Other authors allow that criticism of individual aspects of America may be well founded, but see any systematic condemnation of the U.S. across a range of issues as emotional anti-

Americanism motivated by hatred or and resentment. Rubinstein and (1988, 35-45) define anti-Americanism as “any hostile action or expression that becomes part and parcel of an undifferentiated attack on the foreign policy, society, culture, and values of the United States.”

Haseler opens his discussion with the caveat that “anti-Americanism should not be confused with opposition to specific U.S. policies or administrations” (Haesler 1985, 1) a point echoed by

Thornton (1988, 9-19). For Haseler (1985, 6), anti-Americanism involves opposition “to the cultural and political values of the United States” which is “often the product of rage based on resentment and envy” (emphasis in original). These approaches generally share the premise that isolated critiques may be justified, but that systematic criticism of the United States is a symptom of emotional, non-rational processes.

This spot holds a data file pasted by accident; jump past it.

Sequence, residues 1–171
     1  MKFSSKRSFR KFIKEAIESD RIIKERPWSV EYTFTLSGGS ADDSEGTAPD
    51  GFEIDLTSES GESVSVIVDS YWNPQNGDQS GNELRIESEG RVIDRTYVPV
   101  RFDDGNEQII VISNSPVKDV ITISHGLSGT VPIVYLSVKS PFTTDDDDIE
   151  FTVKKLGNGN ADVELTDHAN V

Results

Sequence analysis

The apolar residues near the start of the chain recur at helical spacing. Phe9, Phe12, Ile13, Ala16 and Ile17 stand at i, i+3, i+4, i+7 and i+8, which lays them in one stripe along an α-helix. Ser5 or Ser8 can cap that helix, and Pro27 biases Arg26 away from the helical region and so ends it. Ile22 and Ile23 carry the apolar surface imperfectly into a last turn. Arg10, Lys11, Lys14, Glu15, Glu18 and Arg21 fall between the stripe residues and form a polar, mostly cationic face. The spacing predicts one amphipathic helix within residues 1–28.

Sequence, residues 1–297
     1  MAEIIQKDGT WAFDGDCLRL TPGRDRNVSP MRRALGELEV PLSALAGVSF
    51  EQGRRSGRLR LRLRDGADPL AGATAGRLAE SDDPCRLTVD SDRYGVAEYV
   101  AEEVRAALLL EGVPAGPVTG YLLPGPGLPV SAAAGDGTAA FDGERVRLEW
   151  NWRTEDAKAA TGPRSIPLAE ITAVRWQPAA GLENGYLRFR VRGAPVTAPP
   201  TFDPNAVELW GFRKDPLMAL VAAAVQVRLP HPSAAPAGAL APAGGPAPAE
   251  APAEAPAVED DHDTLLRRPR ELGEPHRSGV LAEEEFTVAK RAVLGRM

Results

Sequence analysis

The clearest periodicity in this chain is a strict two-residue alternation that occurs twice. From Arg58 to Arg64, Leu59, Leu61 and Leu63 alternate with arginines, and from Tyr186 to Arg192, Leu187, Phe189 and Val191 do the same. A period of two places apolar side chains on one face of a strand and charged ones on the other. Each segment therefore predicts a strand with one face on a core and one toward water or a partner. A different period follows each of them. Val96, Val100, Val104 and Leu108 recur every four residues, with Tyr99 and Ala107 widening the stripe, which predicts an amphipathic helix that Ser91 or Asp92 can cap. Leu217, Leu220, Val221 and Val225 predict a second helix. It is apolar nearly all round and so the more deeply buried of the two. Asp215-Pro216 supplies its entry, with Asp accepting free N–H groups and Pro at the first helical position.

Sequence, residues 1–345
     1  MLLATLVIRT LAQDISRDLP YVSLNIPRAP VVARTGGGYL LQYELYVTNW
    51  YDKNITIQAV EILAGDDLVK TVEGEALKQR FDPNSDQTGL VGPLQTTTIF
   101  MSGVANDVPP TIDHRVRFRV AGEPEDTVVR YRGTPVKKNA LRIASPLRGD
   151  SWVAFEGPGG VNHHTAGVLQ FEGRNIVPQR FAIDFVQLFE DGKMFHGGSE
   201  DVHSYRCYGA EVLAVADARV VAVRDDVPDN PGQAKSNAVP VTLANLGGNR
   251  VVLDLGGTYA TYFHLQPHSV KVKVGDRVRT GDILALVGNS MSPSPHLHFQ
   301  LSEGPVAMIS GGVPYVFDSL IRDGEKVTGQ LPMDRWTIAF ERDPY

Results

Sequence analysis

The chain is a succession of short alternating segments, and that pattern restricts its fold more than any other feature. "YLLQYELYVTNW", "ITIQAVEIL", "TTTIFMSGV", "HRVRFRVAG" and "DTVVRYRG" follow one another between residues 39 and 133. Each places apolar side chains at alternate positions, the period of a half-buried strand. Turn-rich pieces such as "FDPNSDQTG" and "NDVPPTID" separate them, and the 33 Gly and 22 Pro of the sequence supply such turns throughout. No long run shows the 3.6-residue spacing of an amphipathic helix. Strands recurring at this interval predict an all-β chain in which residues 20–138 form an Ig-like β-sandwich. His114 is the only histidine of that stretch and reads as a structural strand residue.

Indeed, common to many descriptions of anti-Americanism is the notion that these attitudes are unrelated to American actions. Haseler argues that anti-Americanism will persist despite changes in American policies or administrations. Discussing , Spiro characterizes the “core” of anti-Americanism as “the incomprehension or the rejection of the procedural and substantive of the United States of America” (Spiro

5 1988, p. 122). Rather than a response to U.S. policies, Spiro argues that “anti-Americanism has been endemic among the ruling classes in continental Europe since 1776 at the latest”.8 Fabbrini

(2002, p. 5) likewise argues that anti-Americanism will persist in Europe because of “domestic sources of European anti-Americanism, at least as significant as the external ones, and probably more resilient than the latter.”